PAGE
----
Security Clampdown Widens

Chinese authorities impose sweeping controls across Tibetan areas.

chengdu-305 Armed Chinese PLA soldiers walk down a street with Tibetan writing on the wall in Chengdu in Sichuan province on Jan. 27, 2012.

Authorities in Beijing have ramped up security across Tibetan areas—from Lhasa, capital of the Tibet Autonomous Region, to the Amdo and Kham regions—following deadly protests last week, according to sources.

As Tibetans grieved over the deaths of protesters gunned down by Chinese security troops in the Kardze (Ganzi) and Ngaba (Aba) Tibetan Autonomous Prefectures in Sichuan province, Chinese security forces clamped down on activities in Tibetan areas.

An unknown number of Tibetans have also been detained over the protests as the Tibetan parliament-in-exile in India said it would hold a series of campaigns to express "solidarity" with the Tibetans inside Tibet and "garner the international community’s support to press the Chinese government" to defuse the escalating tensions.

“The presence of security forces in Serthar [in Chinese, Seda] is intense. The area is encircled by Chinese police and armed forces and Tibetan movements are restricted," a source in the area told RFA at the weekend.

"The body of [one protester] who was shot in Serthar was not given to the Tibetan monastery, not even to the [influential] Serthar Buddhist Institute, and instead was taken by Chinese authorities to Chengdu and cremated as per Chinese choosing,” the source said.

Serthar was among three counties in Sichuan province where Tibetans protested against Chinese rule last week and where rights and exile groups believe at least six were killed and 60 injured, some critically. The other counties were Draggo (in Chinese, Luhuo) and Dzamthang (in Chinese, Rangtang).

Official Chinese media reported only two Tibetans were killed following "mob" attacks.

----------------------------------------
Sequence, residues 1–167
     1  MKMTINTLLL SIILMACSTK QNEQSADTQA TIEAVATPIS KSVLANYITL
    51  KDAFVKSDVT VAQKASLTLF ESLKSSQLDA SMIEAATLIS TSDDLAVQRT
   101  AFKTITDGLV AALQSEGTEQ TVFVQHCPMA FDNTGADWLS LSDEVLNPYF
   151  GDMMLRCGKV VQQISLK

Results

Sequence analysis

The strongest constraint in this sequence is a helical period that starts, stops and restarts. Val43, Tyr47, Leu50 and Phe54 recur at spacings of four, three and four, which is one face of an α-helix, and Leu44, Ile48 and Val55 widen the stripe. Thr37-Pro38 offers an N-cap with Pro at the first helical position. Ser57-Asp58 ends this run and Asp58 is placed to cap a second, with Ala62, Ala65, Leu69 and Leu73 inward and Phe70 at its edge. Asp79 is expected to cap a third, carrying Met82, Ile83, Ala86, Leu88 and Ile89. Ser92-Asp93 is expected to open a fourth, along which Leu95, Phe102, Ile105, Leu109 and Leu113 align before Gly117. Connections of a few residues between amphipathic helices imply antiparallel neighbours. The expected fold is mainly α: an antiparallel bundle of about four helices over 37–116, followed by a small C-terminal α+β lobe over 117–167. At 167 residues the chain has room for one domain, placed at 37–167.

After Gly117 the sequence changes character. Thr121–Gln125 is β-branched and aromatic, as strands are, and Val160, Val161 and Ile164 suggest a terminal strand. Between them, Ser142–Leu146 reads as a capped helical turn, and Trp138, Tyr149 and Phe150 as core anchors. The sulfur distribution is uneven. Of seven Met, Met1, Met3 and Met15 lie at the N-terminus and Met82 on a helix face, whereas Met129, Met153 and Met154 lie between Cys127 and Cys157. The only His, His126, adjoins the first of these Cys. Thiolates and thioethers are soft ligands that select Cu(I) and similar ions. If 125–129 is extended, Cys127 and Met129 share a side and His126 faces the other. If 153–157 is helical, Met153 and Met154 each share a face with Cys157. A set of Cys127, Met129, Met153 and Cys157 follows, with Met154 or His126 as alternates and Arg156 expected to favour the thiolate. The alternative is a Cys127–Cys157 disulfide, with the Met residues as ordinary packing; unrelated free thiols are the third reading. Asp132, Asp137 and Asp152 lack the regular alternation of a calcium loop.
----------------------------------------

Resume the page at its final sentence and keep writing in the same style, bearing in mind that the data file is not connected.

“The presence of armed Chinese force is significantly increased … in Draggo and Serthar," another source said.

"Additional troops were moved from the [Sichuan capital] Chengdu [security] command region. Those additional troops are reported to be from Deyang and Mianyang Military Camps."

Telephone links to the protest areas have been mostly cut, some sources said.

The Dzamthang area is also under lockdown and surrounded by troops of armed police, according to monks in exile with contacts in the area.

Kalsang, an MP in the Tibetan parliament-in-exile in Dharamsala, India, said on Friday that the strictest military controls were being imposed in Serthar, Kardze, and Draggo.

China's ruling Communist Party has already deployed "working groups" in every village and monastery in Kardze and Ngaba prefectures, according to Jampel Monlam, assistant director of the Tibetan Center for Human Rights and Democracy in Dharamsala.

Lhasa 'tense'

Residents in Lhasa said the capital was tense, with security forces deployed across the city and going around searching homes, advocacy group Free Tibet said.

One Lhasa resident told the group about Lhasa’s Barkhor Street, which surrounds Jokhang Temple, Tibet's holiest and most ancient temple:

“How horrible it is. I dare not look around in a casual manner, dare not move around freely. Armed personnel are everywhere, police are on every corner.”

In one Lhasa district, one family described to Free Tibet how their homes were searched for no apparent reason.

"Security forces demanded to know the names and whereabouts of all their family members. They made it clear that they knew that the family had relatives living abroad and that they knew that the family made calls to these relatives."

Security personnel warned the family not to discuss politics with their relatives during telephone calls.

“Chinese authorities are using intimidation and surveillance of ordinary Tibetans to instill a culture of fear and stop people from speaking out,” said Free Tibet Director Stephanie Brigden.

Diplomatic mission

Penpa Tsering, speaker of the Tibetan exile parliament, said on Sunday that a four-member parliamentary delegation has headed to New Delhi to "seek support" from U.N. officials and foreign embassies to help resolve the crisis.

“We call upon the governments around the world to not only express your concern but also seek your intervention in de-escalating the prevailing dangerous situation inside Tibet and help find a lasting solution to the issue of Tibet for a mutually beneficial agreement through dialogue,” Tsering said in the memorandum to be submitted to the embassies. 

“We are also sending an open letter to Chinese President Hu Jintao regarding the critical situation in Tibet to seek a lasting solution to the issue of Tibet,” the speaker said.

The Tibetan government-in-exile, the Central Tibetan Administration, has called for a "global solidarity vigil" on Feb. 8 to highlight the latest crisis.

Reported by Lobsang Chophel, Dorjee Damdul, and Chakmo Tso. Translation by Karma Dorjee. Written in English by Parameswaran Ponnudurai and Rachel Vandenbrink.


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